Series: Charlotte Holmes #1
Publisher: Katherine Tegan Books (2016)
Hardcover (321 pages)
Reading Challenges: 2016 Retelling Challenge, Read 2016
The last thing Jamie Watson wants is a rugby scholarship to Sherringford, a Connecticut prep school just an hour away from his estranged father. But that’s not the only complication: Sherringford is also home to Charlotte Holmes, the famous detective’s great-great-great-granddaughter, who has inherited not only Sherlock’s genius but also his volatile temperament. From everything Jamie has heard about Charlotte, it seems safer to admire her from afar.
From the moment they meet, there’s a tense energy between them, and they seem more destined to be rivals than anything else. But when a Sherringford student dies under suspicious circumstances, ripped straight from the most terrifying of the Sherlock Holmes stories, Jamie can no longer afford to keep his distance. Jamie and Charlotte are being framed for murder, and only Charlotte can clear their names. But danger is mounting and nowhere is safe—and the only people they can trust are each other.
Like the original Sherlock Holmes stories, A Study in Charlotte is told from the perspective of a Watson. Jamie Watson is a descendant of Doctor John Watson and is now attending school with Charlotte Holmes, a descendant of the famous detective.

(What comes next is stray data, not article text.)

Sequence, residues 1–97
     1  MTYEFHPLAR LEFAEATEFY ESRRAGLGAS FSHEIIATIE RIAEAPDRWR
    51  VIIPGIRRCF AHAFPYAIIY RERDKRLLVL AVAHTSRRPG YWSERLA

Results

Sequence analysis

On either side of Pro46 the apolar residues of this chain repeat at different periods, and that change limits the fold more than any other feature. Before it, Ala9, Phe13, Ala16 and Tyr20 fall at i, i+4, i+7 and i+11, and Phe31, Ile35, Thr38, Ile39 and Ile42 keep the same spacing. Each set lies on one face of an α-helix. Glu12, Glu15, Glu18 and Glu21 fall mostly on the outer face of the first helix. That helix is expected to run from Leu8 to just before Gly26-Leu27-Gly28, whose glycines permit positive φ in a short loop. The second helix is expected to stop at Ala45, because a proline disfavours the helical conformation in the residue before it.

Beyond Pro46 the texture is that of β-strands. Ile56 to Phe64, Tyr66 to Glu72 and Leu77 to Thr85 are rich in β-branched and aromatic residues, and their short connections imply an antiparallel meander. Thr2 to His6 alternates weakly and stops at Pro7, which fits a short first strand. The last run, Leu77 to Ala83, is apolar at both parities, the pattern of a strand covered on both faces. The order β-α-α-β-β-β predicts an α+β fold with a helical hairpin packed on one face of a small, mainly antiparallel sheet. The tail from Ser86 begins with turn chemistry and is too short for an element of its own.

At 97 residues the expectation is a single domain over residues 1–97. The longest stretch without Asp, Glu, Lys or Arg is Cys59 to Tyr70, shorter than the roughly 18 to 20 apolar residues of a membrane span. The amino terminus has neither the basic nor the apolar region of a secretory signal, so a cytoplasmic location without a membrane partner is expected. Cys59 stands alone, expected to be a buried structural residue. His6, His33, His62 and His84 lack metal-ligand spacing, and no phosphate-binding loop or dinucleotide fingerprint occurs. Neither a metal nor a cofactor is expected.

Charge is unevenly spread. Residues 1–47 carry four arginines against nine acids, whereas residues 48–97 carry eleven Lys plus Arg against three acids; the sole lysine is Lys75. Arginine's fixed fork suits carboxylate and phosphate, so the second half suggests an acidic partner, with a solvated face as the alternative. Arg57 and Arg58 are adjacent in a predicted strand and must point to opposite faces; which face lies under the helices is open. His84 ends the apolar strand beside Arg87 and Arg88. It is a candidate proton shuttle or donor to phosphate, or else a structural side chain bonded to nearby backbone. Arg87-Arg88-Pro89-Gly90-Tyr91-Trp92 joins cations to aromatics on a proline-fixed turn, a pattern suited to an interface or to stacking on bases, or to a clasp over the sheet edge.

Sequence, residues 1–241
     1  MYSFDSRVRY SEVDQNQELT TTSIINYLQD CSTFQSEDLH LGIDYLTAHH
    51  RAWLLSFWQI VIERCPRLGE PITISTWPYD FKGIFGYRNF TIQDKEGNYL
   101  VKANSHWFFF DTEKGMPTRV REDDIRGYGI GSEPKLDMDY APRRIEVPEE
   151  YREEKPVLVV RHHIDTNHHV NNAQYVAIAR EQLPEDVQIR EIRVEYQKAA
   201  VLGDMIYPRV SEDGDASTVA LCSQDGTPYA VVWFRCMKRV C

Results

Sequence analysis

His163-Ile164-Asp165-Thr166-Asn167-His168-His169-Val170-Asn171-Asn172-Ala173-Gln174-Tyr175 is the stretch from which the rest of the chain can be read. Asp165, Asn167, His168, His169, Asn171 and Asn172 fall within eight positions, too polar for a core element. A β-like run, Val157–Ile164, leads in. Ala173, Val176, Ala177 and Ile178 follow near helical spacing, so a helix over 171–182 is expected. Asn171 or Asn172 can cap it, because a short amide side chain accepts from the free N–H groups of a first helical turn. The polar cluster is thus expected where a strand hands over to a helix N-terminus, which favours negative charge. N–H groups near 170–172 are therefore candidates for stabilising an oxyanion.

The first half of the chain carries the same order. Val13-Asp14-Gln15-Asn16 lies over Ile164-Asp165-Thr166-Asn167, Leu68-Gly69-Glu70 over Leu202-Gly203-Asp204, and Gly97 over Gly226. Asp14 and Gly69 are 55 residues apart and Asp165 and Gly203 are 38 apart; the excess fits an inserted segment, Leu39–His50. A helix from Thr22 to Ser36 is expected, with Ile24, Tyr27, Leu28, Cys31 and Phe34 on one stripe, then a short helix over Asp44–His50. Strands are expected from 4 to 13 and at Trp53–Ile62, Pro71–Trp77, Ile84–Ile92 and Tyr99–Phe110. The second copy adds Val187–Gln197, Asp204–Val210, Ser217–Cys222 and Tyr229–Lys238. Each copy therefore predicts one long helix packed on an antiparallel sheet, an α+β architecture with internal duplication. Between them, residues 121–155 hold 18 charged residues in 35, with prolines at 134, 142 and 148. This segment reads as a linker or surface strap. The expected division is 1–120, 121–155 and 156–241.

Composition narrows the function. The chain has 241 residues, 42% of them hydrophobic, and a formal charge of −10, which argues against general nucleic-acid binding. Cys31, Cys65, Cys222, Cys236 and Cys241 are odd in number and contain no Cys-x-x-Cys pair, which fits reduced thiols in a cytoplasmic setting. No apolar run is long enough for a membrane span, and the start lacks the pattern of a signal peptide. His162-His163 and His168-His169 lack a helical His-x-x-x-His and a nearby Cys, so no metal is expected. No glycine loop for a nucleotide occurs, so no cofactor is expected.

Jamie and Charlotte seem to be anything but civil until they are blamed for a murder they didn’t commit. Now they are forced to work together to clear their names. They need to find out who is framing them and why before someone else dies.
I am a fan of the original Holmes tales and so I could not pass up the opportunity to read A Study in Charlotte. There were parallels and allusions to the originals, which I thoroughly enjoyed. Holmes is still a drug addict, much to the dismay of Watson. Holmes thinks in a uniquely Holmesian way and plays violin. There are the Moriartiys and an elder Holmes brother running the world behind the scenes. Watson is a writer with aspirations to being a novelist someday.
Holmes is still a drug addict, much to the dismay of Watson. Holmes thinks in a uniquely Holmesian way and plays violin. There are the Moriartiys and an elder Holmes brother running the world behind the scenes. Watson is a writer with aspirations to being a novelist someday.
Basically, what I am saying in my incoherent ramblings is that I love this novel. There were parts that seemed unnecessary and, while I am sure Charlotte deduced something from them, I wouldn’t have needed them at all.
While I am not a super-big fan of contemporaries (or mysteries, for that matter), I really enjoyed A Study in Charlotte and cannot wait to read the next Charlotte Holmes novel.